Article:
(34) only the last, the poorest, the most elementary forms which can yet be experienced. The pure here only completes the determination of experience in the now by limiting it. Even the now of an element of experience leaves its presence yet incompletely determined, for the now has many contemporary here's, many elements can be given now in many different here's. On the other hand, of course, it is not enough for an element to be here, for the here has many successive now's, and many different elements can be present in the same here at different now's. The question could be made seemingly clearer by recalling that the individual's experience is limited both in extension and in duration, that out of the extensive wealth of the empirical world at a given moment various data are present in the experience of various individuals, and that in the experience of the same individual various data appear at various moments. But such a formulation would lead us to problems which at this stage of investigation must be avoided, for it introduces concepts which are not those of the primary form of experience. Empirically it is the individual limitation of experience which presupposes the intersection of duration and extension, and not reciprocally.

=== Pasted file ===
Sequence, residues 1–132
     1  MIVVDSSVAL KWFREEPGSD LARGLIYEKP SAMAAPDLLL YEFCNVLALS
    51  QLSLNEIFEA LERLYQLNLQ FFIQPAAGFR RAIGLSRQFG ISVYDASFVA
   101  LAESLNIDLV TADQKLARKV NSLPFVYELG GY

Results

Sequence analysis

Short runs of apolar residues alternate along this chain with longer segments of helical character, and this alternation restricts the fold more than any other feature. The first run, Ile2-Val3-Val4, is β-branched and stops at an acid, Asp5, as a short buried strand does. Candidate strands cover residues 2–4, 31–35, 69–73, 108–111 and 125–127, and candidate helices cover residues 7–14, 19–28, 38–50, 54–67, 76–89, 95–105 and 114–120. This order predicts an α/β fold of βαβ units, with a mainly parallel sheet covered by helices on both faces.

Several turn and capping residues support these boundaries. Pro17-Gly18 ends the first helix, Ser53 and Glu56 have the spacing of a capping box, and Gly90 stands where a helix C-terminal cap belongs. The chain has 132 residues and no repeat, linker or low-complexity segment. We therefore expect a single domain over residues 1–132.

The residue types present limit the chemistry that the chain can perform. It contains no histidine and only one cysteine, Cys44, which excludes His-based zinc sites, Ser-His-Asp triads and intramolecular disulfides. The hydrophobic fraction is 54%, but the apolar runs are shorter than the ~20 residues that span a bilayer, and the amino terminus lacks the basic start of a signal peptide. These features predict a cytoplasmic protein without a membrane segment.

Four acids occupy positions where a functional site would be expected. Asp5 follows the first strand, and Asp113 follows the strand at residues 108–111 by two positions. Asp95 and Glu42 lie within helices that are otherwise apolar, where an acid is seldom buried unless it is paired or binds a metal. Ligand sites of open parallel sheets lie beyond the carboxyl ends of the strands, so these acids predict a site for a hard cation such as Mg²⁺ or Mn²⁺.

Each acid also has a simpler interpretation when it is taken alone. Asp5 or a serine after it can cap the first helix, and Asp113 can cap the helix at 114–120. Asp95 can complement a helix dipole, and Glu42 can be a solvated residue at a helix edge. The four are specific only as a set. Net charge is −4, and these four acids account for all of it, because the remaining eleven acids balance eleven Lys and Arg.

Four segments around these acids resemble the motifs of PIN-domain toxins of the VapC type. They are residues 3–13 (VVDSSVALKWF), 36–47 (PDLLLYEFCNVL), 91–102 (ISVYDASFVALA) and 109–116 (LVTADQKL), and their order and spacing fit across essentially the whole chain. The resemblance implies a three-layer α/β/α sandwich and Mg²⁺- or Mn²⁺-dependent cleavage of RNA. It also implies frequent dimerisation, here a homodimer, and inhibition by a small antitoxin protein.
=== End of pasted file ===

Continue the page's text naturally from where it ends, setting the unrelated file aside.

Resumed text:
Presence, extrinsic plurality, succession with regard to the now, and concentration with regard to the here are the most formal determinations of experience that can be drawn from empirical data by direct analysis. But, as we have said, they are still empirically given, they still preserve a minimum of "intuitiveness," and in so far have some of the character of matter of experience. They are not given, indeed, as independent elements of the plurality of experience, nor as components of other elements; but, when we reflect about the process of experience, we can experience them as external